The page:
How the smart home will change in 2022 | Jobs Reply

This story is part of it The Year AheadCNET’s look at how the world will continue to evolve starting in 2022 and beyond.

It’s been almost ten years since the smart home introduced voice commands. Today, there are thousands of smart home devices, apps, services, skills and ways to bring the internet to every inch of your home. In 2021, we saw little but significant updates to the smart home that set the stage for a big 2022. This is what the next year in smart home technology could bring.


Every year, we look forward to new products from big smart home brands and exciting new ideas from startups too. Perhaps the two most anticipated devices in 2022 are Amazon devices Astro robot home and the Ring Drone Home Cam always.

Read more: The CES 2022 trends we’ll all be talking about this year

Amazon Astro could be our first real smart home robot. We have been vacuum robot for years, but Astro is a robot designed to interact and help its owners in a different way.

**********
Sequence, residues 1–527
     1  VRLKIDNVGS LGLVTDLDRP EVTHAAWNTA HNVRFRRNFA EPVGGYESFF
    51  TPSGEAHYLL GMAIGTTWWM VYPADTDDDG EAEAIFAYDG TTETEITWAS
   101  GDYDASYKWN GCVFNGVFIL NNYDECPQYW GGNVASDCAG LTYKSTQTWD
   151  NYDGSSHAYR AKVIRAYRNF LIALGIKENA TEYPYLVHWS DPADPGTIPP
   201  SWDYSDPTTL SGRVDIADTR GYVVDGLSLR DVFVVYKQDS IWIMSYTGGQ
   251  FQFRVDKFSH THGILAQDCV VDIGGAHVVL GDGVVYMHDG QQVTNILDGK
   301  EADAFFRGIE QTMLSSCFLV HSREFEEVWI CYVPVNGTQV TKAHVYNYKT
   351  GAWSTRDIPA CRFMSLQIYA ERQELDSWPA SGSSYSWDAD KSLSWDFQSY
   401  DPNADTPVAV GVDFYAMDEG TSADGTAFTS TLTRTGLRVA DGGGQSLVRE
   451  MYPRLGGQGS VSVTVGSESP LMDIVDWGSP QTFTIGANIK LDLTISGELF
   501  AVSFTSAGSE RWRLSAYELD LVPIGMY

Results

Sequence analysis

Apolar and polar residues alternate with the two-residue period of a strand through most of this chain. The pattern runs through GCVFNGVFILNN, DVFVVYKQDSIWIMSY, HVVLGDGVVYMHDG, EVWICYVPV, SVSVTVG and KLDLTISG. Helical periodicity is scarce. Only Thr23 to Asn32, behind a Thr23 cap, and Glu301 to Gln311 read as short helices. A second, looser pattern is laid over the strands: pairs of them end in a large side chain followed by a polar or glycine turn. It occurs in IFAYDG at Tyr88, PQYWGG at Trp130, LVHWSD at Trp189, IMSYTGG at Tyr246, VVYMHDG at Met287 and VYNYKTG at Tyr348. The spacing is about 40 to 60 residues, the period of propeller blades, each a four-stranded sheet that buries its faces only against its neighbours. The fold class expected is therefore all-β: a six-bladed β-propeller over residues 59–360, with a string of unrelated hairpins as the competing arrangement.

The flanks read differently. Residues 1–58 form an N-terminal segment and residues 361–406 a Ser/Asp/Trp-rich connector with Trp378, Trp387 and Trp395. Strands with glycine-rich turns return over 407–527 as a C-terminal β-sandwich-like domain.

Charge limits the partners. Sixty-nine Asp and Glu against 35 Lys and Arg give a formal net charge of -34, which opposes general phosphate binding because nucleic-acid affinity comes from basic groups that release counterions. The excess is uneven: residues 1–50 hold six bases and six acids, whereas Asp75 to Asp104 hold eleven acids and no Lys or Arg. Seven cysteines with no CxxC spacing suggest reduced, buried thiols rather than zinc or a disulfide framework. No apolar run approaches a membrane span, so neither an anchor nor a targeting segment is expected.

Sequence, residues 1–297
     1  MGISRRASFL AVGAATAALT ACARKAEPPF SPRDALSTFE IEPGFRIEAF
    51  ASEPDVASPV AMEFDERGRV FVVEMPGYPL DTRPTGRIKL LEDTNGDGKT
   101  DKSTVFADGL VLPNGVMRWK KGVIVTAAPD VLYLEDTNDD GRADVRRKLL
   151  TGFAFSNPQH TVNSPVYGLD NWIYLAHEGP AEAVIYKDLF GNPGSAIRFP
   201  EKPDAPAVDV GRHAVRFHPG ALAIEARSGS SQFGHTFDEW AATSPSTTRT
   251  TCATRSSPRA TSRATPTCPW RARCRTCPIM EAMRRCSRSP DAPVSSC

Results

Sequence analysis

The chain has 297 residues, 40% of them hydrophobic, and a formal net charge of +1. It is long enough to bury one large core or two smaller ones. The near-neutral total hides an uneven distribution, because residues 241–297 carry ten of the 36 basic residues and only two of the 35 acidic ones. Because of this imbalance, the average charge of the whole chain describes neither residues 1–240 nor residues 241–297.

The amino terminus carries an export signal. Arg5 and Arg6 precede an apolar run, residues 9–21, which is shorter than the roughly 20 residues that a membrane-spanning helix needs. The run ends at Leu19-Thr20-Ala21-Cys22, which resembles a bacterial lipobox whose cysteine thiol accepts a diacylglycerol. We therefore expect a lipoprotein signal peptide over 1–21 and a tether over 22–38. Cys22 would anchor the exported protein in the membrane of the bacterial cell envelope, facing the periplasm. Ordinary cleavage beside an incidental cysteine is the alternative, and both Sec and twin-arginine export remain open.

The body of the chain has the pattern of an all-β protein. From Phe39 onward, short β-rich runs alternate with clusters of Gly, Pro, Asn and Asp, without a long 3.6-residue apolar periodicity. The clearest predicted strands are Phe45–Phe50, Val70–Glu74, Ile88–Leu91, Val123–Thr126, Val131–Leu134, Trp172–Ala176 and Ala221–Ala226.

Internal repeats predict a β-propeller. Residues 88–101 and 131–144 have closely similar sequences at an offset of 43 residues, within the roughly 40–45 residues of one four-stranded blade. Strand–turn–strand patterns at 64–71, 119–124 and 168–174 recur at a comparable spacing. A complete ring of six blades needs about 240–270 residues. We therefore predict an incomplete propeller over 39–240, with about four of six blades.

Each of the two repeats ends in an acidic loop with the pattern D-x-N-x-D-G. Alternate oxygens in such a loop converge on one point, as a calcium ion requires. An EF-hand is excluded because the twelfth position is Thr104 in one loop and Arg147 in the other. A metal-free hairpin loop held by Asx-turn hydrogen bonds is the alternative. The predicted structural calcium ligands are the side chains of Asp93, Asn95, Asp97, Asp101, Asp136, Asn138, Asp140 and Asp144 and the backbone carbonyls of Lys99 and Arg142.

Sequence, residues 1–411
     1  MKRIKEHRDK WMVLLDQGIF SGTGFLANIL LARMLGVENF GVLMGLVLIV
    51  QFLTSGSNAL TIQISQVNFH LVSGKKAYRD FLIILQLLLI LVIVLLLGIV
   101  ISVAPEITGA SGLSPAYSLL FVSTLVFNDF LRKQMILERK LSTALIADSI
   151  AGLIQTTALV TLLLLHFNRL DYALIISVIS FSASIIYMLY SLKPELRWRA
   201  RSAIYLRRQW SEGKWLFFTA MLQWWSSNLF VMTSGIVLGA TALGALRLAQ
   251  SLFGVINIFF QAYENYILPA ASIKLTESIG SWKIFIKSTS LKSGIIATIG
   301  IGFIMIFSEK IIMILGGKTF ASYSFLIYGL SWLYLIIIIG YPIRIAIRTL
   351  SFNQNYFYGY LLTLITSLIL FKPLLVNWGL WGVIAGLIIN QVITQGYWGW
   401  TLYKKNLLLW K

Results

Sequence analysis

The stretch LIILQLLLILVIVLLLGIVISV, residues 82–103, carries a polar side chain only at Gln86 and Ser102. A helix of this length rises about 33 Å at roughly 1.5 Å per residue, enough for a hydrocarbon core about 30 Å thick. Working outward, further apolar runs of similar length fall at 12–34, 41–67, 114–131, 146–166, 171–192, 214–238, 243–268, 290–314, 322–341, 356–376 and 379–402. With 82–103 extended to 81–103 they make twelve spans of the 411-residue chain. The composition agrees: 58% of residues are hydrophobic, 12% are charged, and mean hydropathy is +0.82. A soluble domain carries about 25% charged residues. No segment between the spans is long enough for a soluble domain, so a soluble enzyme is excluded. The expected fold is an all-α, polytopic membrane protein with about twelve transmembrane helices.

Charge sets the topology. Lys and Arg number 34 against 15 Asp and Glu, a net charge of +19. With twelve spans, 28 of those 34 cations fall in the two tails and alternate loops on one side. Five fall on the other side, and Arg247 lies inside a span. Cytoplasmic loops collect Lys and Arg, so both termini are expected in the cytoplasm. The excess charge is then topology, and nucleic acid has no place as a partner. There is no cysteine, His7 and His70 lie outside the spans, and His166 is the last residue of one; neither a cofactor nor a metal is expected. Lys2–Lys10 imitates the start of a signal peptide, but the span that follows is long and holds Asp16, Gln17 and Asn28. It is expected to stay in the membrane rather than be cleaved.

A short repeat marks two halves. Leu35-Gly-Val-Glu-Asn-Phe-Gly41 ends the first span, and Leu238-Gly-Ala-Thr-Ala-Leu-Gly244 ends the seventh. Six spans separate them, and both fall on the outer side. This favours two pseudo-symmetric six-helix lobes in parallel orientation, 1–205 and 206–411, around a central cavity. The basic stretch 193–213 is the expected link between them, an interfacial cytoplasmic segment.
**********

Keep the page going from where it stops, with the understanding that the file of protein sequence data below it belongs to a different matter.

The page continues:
Astro is, in some ways, like Alexa on wheels. It will be equipped with a 1080p periscope camera that can extend up to 42 inches above the floor. Wheels allow the Astro to roam around your home providing Alexa services such as video calls. It can also be integrated into the Ring ecosystem to serve as a home security droid. The $1,000 robot is currently available for pre-order via invitation only.

Speaking of A ring, the Always Home Cam is a $250 drone designed to patrol your home. It will reportedly debut in 2022. The drone can learn a flight path around your home and be prompted manually or by others. Alarm ring products. You can also schedule route patrols for routine monitoring. There are some limitations with the device. It can’t fly up stairs, record footage while docked or be controlled remotely.

Then, of course, there are the privacy concerns Ring and Amazon devices always seem to go. Can consumers trust those brands with flying cameras and roaming robots? It will be interesting to see how many people give these autonomous cameras a chance in their homes.

Still, it’s a new category of smart home device that we’re eager to test this year.


The Ring Always Home Cam drone docks and zooms inside your home.



Astro and Ring’s drone camera are security-focused gadgets, but arguably the biggest trend in the home security market isn’t individual headline devices like these: the push is for deeper integration with the smart home.